Can Trump order a military strike on Iran without Congressional Approval? It depends who you ask

Although some Democratic and Republican lawmakers agree there should be some degree of "measured response" to Iran's recent alleged aggression toward U.S. assets abroad, there is far less agreement when it comes to whether President Donald Trump could unilaterally take military action against the Middle Eastern nation without congressional approval.

Generally, Democrats tend to argue that Trump would need to seek authorization from Congress to initiate certain military operations against a foreign adversary. Many Republicans, on the other hand, point to past precedent and laws that suggest that — short of declaring war — the commander-in-chief has the authority to take action on his own.

Tensions have heightened between the U.S. and Iran following a string of actions allegedly taken by Iran on U.S. assets abroad, including rocket attacks against a military base in Iraq housing U.S. troops and an attack on two oil tankers in the Gulf of Oman. Then, on Thursday, Iran shot down a U.S. Navy drone, prompting Trump to plan military strikes against Iranian targets, only to a later scrap the attack shortly before it was set to begin.

The War Powers Resolution of 1973 gives a president 60 days to obtain congressional approval after making foreign military strikes and informing Congress "within 48 hours." Otherwise, he then has another 30 days to cease the operations. Under these conditions, Yale Law School Professor Bruce Ackerman told Newsweek, Trump's clock has run out.

"More than 60 days have elapsed since the President first began to engage in acts of 'hostilities' against Iran, as the term is defined by the War Powers Resolution of 1973—both through his deployment of US forces and his support of Saudi military actions against Iran in connection with the military struggle between Tehran and Riyadh in Yemen," said Ackerman.

The Authorization for Use of Military Force (AUMF), passed a week after the 9/11 terrorist attacks in 2001, allowed the president to "use all necessary and appropriate force" against those involved in the attacks. Since then, presidents have used the Bush-era law to justify military action in the Middle East.

Can Trump strike Iran without Congressional Approval
President Donald Trump speaks to the media prior to departing on Marine One from the South Lawn of the White House in Washington, DC, on May 20 as he travels to Pennsylvania for a campaign rally. SAUL LOEB/AFP/Getty

"I don't think he has any current authorization," said Representative David Cicilline, a Democrat on the House Foreign Affairs Committee. He acknowledged that some may argue the recent alleged aggression by Iran could be viewed as "an attack on the United States that would warrant a justification of a military strike without congressional authorization."

"It certainly doesn't excuse consultation with Congress," Cicilline continued. "The most important response is to deescalate the situation."

Speaker of the House Nancy Pelosi said she was not advised in advance by the White House of the planned military operation against Iran, breaking with precedent.

"I did not receive any heads-up that there was a strike that was in the works," she told reporters Friday. "Maybe the other leaders did, on the Republican side, but I did not receive any of that. And that would be a departure—the President has informed us, for example, in Syria, before we went in."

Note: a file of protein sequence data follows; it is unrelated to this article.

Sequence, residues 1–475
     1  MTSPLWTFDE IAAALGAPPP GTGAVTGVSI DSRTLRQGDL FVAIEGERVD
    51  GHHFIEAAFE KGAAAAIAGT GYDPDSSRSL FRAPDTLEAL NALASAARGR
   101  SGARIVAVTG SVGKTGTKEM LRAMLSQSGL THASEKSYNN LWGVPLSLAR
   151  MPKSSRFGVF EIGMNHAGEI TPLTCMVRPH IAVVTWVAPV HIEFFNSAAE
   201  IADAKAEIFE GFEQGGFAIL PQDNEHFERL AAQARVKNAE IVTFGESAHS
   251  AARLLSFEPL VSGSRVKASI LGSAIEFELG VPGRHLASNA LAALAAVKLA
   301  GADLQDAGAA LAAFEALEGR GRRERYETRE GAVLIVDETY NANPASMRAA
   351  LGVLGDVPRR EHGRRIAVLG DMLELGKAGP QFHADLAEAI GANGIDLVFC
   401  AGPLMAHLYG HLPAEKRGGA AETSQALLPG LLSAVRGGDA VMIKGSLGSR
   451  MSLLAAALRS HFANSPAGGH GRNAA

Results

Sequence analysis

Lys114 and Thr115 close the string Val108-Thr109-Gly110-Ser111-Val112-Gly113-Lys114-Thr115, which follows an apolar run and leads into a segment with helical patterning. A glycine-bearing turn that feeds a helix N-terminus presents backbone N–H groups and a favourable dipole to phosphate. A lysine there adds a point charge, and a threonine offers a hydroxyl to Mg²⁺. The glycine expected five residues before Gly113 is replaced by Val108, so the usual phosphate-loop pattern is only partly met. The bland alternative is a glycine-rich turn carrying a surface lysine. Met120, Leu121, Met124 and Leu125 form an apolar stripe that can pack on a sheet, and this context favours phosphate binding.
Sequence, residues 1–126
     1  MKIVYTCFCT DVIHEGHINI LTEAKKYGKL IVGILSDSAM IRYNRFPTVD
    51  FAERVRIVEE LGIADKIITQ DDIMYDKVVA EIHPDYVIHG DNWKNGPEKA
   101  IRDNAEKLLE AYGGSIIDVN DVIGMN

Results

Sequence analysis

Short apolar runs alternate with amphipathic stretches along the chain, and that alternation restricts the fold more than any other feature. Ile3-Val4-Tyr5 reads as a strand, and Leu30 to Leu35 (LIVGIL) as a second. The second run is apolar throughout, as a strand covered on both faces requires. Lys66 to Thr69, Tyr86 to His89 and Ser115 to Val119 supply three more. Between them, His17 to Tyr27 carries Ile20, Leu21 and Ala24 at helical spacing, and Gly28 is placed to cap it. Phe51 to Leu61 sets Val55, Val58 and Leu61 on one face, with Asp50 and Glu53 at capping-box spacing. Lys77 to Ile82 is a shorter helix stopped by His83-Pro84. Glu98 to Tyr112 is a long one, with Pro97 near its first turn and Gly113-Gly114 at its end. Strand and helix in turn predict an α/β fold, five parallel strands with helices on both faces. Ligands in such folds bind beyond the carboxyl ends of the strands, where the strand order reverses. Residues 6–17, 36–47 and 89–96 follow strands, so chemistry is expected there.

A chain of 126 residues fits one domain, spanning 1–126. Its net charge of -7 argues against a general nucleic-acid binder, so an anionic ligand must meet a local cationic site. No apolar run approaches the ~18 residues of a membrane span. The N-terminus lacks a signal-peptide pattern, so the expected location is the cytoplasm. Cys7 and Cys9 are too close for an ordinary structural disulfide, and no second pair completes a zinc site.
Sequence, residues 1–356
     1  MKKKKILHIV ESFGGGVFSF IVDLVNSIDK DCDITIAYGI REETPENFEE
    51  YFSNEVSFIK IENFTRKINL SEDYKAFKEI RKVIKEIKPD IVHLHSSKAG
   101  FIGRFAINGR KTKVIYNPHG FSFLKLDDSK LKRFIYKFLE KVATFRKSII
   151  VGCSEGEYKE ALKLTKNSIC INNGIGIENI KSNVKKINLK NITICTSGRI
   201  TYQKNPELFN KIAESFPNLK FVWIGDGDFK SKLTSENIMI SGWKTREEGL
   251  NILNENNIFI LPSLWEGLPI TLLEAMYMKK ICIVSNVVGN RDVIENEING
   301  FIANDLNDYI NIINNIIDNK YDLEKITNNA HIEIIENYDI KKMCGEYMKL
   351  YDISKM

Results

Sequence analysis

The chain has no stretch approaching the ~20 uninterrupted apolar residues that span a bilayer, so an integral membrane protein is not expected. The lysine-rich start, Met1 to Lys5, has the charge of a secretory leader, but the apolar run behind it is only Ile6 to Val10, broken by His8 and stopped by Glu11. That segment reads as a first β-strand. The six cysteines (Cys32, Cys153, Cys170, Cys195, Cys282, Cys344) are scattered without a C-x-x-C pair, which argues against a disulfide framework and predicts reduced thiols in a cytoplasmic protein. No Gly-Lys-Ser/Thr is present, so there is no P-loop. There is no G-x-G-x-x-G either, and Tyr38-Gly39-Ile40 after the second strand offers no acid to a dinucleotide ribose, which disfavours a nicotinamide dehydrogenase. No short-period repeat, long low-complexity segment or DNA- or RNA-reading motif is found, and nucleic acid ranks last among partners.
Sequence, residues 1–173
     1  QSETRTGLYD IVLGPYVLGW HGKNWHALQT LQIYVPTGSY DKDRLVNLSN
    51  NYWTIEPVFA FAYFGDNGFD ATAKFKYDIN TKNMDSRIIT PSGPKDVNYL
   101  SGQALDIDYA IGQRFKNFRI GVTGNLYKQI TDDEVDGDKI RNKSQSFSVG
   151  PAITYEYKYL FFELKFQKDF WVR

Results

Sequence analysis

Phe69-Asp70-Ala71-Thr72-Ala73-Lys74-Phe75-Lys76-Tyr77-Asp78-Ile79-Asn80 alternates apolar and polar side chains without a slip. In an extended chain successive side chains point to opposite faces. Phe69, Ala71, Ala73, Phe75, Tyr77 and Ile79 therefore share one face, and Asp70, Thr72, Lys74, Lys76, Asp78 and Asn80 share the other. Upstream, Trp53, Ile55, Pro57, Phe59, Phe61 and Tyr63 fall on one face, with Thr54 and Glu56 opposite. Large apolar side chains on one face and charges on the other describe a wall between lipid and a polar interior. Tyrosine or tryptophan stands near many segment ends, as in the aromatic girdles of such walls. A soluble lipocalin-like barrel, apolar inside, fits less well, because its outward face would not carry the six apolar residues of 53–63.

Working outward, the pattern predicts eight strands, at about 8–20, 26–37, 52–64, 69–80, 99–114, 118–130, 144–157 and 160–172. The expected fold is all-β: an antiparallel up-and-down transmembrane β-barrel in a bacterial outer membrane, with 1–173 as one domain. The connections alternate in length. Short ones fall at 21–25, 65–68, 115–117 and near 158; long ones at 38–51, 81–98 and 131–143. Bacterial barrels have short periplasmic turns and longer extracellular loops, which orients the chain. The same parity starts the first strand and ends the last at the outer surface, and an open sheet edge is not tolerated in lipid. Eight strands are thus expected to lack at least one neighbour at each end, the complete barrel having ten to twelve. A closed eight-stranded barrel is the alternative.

In a recent briefing to top congressional leaders from administration officials, Pelosi added that Democrats from both chambers "were very clear that Congress must act—that they must have the authority of Congress, before we initiate military hostilities into Iran."

However, Republicans don't quite see it that way. They point to the AUMF and the War Powers Resolution as laws that provide the president additional executive powers when it comes to issuing foreign military strikes.

"We don't have 435 commanders-in-chief out here," Representative Adam Kinzinger told Newsweek. Although the Foreign Affairs Committee member and veteran is an ally of the president's, he wasn't afraid to offer up harsh criticism for Trump's handling of Iran, arguing his reversal on the military strikes "undercuts" U.S. strategy.

Still, Kinzinger believed Trump does not need Congress to approve military strikes in the region, and he believed the administration has done well keeping members in the loop.

"Our job is to declare a state of war exists and funded, it's not to make every military move and decision. So, no, I don't think it needs to [seek congressional approval]," he said. "If it's not military or something, there's got to be a cost to Iran—we have to send a message."

Fellow Foreign Affairs Committee Republican Steve Chabot believed that short of declaring war, the administration was well within its right to take action. Based on "tradition in recent decades" under AUMF and War Powers, the Ohio lawmaker said Trump is authorized.

"I do think there's a congressional role—certainly, obviously—if we declare war, but I don't anticipate that that's something on the horizon," he told Newsweek.

He, like other members on both sides of the aisle, did express a willingness to update the AUMF to limit presidential authority. Through an appropriations package Wednesday, the majority-Democrat House voted to repeal the law—but it is unlikely the Republican-controlled Senate would also pass this measure.

"The [AUMF] is pretty outdated when you consider it's basically almost two decades old now," Chabot said. "But let's face it, you know, we're going to get a majority vote here and, and, you know, 60 votes over in the Senate is very challenging for, for anything, even something that ought to be low hanging fruit like infrastructure."